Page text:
LEICESTER, UK, March 25, 2014 (ENS) – Phasing traffic lights according to air pollution rates at the scale of a European city district could soon become a reality. But first, the complexity of air pollution models must be mastered.
Poor air quality costs Europe more than €700 million a year in health expenditures and loss of economic performance, according to official EU sources.
To tackle this major issue, the EU-funded MACC-II [Monitoring atmospheric composition and climate] research project, due to be fully operational later this year, aims to deliver accurate air quality predictions across Europe.
Soon, these predictions could be used in traffic management. Scientists have developed iTRAQ, a dynamic traffic management system for optimizing use of the road network to achieve high standards of air quality in urban areas.
Its objective is to operate at the scale of a city district or even at the level of a main street. To achieve this goal, the system relies on both traffic information and on MACC-II data.
“iTRAQ will deliver traffic strategies two or three hours ahead,” says Roland Leigh, a researcher with the air quality group of the Department of Physics and Astronomy at England’s University of Leicester, a MACC-II partner.
“MACC-II is critical for this purpose, as it provides incoming data that we use to constrain our air pollution models at a smaller scale and for hourly forecasts,” he said.
Traffic control strategies consist in changing the phasing of traffic lights, speeding up or slowing down their frequency.
“If necessary, we can withhold the traffic in a well-vented area, whilst allowing free-flowing in a [congested] street, in order to reduce the accumulation of pollution,” Leigh said.
The iTRAQ feasibility study has been completed and field tests could be conducted within two or three years.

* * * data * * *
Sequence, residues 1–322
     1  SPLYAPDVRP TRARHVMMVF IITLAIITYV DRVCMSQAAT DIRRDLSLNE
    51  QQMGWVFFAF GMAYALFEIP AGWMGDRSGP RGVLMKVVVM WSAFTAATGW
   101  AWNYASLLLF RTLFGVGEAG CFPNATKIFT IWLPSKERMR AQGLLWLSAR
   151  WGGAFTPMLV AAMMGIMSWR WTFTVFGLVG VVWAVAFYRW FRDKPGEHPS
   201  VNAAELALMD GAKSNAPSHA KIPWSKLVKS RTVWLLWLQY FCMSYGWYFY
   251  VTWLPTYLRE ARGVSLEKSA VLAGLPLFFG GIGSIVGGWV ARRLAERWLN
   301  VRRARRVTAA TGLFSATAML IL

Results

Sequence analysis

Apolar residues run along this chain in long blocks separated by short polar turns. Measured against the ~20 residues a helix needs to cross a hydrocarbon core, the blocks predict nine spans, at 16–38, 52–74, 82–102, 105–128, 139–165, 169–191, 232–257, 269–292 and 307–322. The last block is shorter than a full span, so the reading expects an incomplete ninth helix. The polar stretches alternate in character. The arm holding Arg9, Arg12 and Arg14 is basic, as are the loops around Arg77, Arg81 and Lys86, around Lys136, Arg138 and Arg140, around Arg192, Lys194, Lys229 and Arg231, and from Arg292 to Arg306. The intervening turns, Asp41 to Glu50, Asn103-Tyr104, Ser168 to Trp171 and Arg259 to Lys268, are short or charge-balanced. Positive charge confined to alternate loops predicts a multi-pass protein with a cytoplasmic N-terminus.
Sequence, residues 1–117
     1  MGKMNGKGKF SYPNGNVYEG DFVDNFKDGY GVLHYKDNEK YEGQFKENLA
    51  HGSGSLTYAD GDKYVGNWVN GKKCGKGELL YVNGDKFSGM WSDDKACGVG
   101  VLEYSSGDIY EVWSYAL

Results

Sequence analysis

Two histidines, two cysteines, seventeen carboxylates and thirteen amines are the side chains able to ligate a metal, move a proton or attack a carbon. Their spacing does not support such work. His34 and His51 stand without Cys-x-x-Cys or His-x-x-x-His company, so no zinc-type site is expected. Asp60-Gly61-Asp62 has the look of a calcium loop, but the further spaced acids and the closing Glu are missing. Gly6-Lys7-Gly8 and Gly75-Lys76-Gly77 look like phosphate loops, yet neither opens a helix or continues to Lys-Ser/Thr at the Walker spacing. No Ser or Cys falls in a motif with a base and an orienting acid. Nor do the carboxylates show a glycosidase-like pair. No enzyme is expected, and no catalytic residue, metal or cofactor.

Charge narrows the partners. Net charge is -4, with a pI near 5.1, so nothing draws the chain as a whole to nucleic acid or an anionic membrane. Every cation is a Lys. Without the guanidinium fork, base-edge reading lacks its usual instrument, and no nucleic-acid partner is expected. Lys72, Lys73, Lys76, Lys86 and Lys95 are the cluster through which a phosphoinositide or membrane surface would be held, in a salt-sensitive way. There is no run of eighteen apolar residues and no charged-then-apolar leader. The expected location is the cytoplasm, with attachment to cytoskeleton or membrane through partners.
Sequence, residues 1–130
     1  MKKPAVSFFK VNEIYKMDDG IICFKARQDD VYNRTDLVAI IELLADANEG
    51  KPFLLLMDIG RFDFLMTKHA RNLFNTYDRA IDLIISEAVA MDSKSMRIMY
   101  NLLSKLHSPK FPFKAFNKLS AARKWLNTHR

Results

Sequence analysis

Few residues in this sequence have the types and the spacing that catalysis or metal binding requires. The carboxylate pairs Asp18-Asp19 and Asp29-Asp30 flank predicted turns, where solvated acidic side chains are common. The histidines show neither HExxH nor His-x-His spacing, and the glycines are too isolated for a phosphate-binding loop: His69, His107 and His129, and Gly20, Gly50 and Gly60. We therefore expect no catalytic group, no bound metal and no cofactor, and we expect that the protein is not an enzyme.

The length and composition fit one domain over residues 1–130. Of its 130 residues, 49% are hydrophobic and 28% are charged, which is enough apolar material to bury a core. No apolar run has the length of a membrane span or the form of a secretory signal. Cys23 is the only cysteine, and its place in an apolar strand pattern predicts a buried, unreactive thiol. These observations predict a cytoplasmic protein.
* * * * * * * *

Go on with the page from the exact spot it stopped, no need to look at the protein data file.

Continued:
The system is based on predictions from MACC-II data on the atmospheric level of nitrogen oxides, irritant gases affecting the respiratory tract. Future solutions will include predictions of other harmful pollutants such as ground-level ozone and aerosols.
However desirable, such a system might be difficult to implement, some traffic analysts say.
“I see the complexity of modeling both traffic and air quality at small scales as the main obstacle for this project,” says Gabriel Jodar, of Jodar + partners, a Swiss consultancy specialized in urban planning.
His company advised the Spanish municipality of Barcelona on implementing traffic management solutions in response to high pollution rates.
“In Barcelona, we have chosen a simpler approach,” said Jodar. “As an example, we reduce speed on the motorway bypass from 120 km/h gradually down to 60 km/h depending on air quality measurements, and we check drivers’ speed with radars.”
By contrast, a city like Lyon, France has chosen to reduce traffic levels with roadwork amenities and cycle paths.
“Using air quality prediction to manage traffic is an interesting initiative,” says Mireille Roy, deputy mayor of Lyon, who is in charge of urban ecology and environmental quality. “But it doesn’t stimulate the search for alternative means of conveyance
Roy says, “Air quality predictions, traffic management systems and roadwork should be considered as complementary solutions.”
MACC-II is a collaborative project (2011-2014) funded by the European Union under the 7th Framework Programme. It is coordinated by the European Centre for Medium-Range Weather Forecasts and operated by a 36-member consortium.
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